July 31, 2013

Tree fern and Zamia

I don't know if you see it all that well but their are 2 Tree ferns (They do need a cleaning) .
I planted the two ferns about 15 years ago.

Peperomia obtusifolia started on the ground but it is climbing up the tree fern.

Zamia furfuracea coming in to flower if you can call it that.


July 27, 2013

Dyckia Larry the Chopper

Dyckia Larry the Chopper  by: Baker B, Nguyen made in 2006
Seed Parent: Arizona
Pollen Parent:  Brittle Star

It seens you can't go wrong with parents like Arizona or Brittle Star

July 24, 2013

Dyckia unknown or a Orthophytum ?

This was in a pot with Dyckia rariflora Select that came from Tropiflora a few years ago.
Anyone know what it could be?

Like Dyckia rariflora it also was stolons. But it has very waxy light green and a bit of red on the leaves.

I just put it in it's own 10 inch pot, lets see how big it could get. It has not flowered as yet.

Dyckia rariflora Select

 Some one said it could be Orth. lucidus. I think he may be right.

Orth. lucidus on the left.
Well I changed my mind, I took  another look at it.  Orthophytum lucidum does not do stolons.  It does look a lot like it though.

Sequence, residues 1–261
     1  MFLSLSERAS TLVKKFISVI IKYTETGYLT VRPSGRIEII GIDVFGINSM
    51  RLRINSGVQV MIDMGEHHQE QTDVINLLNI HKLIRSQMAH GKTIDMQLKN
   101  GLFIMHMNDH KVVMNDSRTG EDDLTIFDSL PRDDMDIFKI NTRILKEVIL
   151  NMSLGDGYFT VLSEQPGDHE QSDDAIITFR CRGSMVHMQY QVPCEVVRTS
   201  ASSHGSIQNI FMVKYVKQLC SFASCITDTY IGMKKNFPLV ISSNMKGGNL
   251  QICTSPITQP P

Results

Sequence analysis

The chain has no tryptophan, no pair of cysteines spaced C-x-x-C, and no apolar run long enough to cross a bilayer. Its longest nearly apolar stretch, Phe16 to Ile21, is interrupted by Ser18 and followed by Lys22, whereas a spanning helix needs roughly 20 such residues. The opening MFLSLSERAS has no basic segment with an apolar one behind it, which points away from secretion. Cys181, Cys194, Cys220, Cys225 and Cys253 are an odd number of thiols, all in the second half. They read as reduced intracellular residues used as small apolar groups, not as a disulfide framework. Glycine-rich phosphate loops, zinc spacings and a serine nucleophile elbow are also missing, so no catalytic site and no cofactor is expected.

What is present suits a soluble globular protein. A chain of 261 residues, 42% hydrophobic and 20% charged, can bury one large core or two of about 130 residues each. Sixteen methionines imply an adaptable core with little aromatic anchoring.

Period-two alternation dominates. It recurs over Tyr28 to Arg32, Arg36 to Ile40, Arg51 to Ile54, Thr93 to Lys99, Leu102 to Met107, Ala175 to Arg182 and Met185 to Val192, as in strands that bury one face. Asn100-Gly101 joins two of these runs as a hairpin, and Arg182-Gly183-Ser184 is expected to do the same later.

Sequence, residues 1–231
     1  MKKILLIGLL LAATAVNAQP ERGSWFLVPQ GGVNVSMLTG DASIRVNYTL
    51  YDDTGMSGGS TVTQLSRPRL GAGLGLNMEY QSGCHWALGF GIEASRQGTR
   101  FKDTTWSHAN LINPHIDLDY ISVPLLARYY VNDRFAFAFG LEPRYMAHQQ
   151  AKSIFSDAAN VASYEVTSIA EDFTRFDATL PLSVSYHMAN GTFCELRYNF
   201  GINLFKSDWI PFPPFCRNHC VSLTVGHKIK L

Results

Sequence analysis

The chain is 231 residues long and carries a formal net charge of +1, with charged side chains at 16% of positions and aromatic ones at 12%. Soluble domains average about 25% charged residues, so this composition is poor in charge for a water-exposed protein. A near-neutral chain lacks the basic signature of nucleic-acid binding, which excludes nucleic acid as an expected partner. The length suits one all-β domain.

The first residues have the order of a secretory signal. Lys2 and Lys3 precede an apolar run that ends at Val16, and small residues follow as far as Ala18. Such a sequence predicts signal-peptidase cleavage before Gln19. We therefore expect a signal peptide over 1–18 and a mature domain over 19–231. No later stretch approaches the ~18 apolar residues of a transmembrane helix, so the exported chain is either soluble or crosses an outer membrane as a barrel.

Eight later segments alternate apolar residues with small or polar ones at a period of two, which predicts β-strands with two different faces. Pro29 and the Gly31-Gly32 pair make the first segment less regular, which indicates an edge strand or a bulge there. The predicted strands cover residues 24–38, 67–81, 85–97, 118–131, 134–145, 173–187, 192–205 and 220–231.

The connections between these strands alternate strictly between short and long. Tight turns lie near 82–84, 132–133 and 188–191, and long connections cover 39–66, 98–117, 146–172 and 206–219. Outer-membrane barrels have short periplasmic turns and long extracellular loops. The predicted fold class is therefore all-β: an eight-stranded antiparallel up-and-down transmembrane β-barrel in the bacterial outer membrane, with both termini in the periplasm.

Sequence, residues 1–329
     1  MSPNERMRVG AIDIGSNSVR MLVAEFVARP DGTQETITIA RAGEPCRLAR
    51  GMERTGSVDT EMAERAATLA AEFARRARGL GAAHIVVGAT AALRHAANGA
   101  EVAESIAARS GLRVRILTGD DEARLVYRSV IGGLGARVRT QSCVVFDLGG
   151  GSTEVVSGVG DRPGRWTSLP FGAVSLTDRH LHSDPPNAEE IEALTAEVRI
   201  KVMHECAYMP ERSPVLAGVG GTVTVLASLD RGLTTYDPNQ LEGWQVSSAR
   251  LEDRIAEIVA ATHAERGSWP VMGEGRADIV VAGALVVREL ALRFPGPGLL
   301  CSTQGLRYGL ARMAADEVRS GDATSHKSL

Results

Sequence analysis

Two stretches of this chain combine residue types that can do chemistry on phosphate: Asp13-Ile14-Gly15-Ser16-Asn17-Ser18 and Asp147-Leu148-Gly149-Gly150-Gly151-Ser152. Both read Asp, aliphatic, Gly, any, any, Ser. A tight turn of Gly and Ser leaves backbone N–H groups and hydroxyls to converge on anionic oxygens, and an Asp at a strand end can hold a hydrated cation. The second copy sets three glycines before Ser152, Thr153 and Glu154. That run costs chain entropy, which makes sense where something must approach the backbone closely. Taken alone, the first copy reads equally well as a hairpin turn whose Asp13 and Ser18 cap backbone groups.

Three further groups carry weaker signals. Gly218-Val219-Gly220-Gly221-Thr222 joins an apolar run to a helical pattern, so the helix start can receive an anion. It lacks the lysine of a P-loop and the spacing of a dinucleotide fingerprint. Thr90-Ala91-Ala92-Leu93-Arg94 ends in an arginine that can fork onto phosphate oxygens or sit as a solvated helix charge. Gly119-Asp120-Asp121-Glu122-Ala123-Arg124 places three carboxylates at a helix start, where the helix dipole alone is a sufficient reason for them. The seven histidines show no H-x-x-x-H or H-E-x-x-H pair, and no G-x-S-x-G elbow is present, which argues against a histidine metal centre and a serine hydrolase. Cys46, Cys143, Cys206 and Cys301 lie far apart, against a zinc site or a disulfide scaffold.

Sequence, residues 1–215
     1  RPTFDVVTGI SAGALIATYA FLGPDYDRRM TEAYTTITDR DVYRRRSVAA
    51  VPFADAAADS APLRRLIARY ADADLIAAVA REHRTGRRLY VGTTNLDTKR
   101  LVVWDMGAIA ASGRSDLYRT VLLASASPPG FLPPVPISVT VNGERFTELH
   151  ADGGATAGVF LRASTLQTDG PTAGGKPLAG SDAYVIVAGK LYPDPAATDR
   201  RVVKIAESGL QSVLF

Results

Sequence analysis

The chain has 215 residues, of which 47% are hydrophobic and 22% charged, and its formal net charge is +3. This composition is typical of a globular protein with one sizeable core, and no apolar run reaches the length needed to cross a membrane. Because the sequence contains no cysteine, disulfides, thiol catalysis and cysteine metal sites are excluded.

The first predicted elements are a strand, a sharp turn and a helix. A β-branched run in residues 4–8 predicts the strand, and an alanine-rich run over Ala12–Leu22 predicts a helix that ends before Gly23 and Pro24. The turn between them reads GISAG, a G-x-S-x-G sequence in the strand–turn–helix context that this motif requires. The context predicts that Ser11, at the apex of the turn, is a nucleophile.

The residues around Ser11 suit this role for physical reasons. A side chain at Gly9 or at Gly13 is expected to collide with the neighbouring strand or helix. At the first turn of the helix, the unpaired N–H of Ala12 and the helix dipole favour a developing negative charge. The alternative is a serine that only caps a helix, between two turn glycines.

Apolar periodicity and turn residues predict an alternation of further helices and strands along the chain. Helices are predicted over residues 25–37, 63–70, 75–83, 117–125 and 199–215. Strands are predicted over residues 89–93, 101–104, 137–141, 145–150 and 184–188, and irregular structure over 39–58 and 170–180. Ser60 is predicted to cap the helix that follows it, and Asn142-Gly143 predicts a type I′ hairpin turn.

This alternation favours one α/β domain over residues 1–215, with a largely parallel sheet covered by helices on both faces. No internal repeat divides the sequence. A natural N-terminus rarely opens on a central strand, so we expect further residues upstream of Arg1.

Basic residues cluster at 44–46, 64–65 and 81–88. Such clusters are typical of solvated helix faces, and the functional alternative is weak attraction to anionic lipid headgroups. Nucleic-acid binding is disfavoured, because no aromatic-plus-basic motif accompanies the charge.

What could it be??????????

Uncarina cuttings

Uncarinas are said to be  impossible to made cutting of. But not all Uncarina are impossible to root from cuttings.
So far so good with this Uncarina stellulifera. I think it is rooted but I have not dug down in the pot to check.

Uncarina's that have not made roots for me from cutting are Uncarina grandidieri and Uncarina roeoesliana.


Anyone had any luck with cutting?

cutting came from this plant
Bihrmann.com (http://www.bihrmann.com//) I read  the following information

  1.  As with the other Uncarinas, cuttings do form a caudex.
  2.  Uncarina grandidieri can reproduced by cuttings as well.
After reading the this é I am going to try to root  Uncarina grandidieri  and Uncarina decaryi.

Uncarina grandidieri  it seems is the only one with all yellow flowers and I only have one of them.

Uncarina decaryi has the best looking leaves the flowers are like most, yellow with a red throat . Plus I only have one and 2 would be better.

July 23, 2013

Operculicarya decaryi

A thick bumpy and twisted trunk that can have zigzagging branches and alternate odd-pinnate leaves with tiny shiny dark green rounded leaflets.